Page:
This was beyond revolutionary; the revolution was trying to secure women equal rights and the vote, but Victoria Woodhull was reaching for even more. She wanted a full-fledged political party, running women for the highest public office in the land. She managed to convince Elizabeth Cady Stanton and the rest of the suffragettes to support her political party and nominate her for president, with Frederick Douglas as her running mate.
Sadly, the idea was doomed to fail from its inception. The women who supported the campaign couldn't even vote yet, and there was a very, very slim chance Victoria was going to find any men willing to vote for her. She was not only a woman, but an infamous, scandalous woman. Frederick Douglas had never even heard of the party when he was nominated for vice president, and when he found out he respectfully declined the offer, having no interest in running for political office.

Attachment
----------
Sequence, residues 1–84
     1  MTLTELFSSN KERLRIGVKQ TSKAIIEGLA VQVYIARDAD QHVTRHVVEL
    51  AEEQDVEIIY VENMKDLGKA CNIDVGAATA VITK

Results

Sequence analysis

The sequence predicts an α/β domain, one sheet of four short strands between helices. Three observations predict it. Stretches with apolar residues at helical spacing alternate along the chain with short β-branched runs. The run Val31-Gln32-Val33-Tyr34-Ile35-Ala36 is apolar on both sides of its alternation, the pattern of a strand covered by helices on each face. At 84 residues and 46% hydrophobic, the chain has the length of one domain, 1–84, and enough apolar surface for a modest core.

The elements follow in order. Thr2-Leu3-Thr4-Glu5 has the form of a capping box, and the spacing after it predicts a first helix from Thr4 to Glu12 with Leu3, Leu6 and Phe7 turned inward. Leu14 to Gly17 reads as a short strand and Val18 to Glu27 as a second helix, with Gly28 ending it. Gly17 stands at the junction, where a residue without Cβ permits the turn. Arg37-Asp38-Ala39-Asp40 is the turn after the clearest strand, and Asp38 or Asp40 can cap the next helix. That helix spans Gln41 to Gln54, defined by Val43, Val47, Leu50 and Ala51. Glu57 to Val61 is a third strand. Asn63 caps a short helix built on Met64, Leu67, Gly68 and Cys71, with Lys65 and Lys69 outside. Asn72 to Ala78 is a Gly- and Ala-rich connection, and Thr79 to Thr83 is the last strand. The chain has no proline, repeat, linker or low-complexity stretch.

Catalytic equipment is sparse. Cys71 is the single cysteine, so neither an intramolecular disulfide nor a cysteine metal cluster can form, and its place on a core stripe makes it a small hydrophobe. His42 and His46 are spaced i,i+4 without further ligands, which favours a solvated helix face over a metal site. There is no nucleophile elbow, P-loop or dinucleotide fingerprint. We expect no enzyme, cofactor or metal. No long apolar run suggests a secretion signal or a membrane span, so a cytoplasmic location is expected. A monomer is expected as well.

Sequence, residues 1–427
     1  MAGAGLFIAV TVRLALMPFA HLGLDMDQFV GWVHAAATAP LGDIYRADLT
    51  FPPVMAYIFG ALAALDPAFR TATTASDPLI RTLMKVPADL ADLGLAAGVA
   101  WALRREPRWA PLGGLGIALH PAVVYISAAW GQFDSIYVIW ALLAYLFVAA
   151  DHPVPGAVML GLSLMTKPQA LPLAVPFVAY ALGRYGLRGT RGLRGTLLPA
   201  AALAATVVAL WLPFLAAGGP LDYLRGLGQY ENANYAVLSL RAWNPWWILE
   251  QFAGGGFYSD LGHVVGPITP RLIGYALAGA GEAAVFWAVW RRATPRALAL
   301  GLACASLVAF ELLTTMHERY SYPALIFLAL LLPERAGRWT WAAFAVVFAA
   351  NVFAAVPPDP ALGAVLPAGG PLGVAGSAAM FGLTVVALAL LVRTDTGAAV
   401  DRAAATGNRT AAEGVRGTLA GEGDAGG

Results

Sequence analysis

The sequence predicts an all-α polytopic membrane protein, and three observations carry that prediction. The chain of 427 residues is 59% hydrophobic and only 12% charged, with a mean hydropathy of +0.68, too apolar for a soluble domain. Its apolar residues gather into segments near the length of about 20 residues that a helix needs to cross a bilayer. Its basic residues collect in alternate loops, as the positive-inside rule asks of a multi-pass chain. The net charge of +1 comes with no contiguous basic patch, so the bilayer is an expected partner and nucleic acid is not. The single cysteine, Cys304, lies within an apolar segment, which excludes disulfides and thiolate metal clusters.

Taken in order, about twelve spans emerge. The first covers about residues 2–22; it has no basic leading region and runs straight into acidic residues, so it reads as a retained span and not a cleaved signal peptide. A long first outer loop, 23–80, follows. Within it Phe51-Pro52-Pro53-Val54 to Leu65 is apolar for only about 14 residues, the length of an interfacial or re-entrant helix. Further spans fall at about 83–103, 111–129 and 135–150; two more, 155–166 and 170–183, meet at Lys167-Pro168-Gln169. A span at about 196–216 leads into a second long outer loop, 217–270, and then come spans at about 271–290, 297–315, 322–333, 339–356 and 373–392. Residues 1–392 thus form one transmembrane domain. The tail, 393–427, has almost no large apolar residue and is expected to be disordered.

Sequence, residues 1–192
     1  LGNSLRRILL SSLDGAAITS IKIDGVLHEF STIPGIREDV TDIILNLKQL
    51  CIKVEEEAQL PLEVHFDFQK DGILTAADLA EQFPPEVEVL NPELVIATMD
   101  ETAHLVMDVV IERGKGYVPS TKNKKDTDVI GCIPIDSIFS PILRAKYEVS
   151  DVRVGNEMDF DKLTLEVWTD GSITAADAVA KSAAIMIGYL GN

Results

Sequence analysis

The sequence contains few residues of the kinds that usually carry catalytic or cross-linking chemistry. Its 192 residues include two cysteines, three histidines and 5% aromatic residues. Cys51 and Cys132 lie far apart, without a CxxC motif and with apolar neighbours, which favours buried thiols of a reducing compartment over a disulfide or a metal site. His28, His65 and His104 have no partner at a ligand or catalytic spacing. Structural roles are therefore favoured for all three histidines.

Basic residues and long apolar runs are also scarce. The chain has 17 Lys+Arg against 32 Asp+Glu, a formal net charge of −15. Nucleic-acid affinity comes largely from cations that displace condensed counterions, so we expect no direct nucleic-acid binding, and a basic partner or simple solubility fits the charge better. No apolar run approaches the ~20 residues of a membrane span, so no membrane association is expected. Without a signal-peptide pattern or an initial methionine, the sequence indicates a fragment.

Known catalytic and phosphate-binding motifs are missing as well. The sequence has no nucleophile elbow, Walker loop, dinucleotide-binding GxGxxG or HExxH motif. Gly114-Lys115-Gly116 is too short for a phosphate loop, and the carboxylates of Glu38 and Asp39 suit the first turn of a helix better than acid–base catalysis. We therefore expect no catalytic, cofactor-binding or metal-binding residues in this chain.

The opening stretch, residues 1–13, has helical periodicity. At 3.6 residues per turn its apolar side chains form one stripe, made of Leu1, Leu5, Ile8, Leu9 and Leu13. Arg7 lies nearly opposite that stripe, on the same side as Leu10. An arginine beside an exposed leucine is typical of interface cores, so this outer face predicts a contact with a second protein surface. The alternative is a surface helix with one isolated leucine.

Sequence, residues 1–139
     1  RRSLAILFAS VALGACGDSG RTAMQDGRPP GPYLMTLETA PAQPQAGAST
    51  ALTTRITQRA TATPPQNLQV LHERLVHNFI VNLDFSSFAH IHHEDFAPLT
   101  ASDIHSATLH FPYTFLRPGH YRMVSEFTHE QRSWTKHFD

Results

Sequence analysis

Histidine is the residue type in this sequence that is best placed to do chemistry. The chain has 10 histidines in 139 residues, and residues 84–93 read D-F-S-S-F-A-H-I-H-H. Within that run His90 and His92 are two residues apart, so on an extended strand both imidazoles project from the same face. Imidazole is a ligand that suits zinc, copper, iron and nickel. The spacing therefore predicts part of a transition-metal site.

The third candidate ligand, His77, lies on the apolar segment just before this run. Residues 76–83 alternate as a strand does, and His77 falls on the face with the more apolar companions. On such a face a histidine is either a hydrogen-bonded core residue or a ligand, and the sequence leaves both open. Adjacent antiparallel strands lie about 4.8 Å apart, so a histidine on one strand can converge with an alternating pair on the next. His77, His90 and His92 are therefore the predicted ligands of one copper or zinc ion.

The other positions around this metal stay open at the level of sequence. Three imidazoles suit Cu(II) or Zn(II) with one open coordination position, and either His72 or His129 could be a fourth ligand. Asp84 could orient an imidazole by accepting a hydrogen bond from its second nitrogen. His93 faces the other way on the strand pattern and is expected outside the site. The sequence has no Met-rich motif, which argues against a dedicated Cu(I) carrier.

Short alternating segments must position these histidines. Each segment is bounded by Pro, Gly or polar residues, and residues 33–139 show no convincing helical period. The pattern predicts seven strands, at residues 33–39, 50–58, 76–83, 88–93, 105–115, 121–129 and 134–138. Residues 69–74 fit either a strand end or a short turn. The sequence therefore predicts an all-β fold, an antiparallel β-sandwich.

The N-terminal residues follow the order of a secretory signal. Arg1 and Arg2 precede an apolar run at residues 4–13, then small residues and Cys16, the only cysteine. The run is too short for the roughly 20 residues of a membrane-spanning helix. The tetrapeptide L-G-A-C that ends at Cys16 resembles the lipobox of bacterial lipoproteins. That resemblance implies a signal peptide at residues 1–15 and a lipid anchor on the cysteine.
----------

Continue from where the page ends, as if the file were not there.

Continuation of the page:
A few months later, in January 1872, Susan got word of what was happening back east, by looking at a newspaper one morning. The most shocking thing for her was seeing her signature on a document from the Equal Rights Party, nominating Victoria and Frederick Douglas for president and vice president. She had not seen the document, much less signed it, and suddenly she had had it with Victoria Claflin Woodhull. She immediately returned to New York City to dissuade her friends and associates from following Victoria Woodhull.
Victoria was not actually responsible for Susan's forged signature. Victoria never would have bothered, as she didn't see the need to have Susan's signature, real or fake. The actual perpetrator was Elizabeth Cady Stanton. Susan may never have discovered this, because she persuaded all the women from the National Women's Suffrage Association to withdraw their support of Victoria, but she did not break off her relationship with her long-time friend Stanton.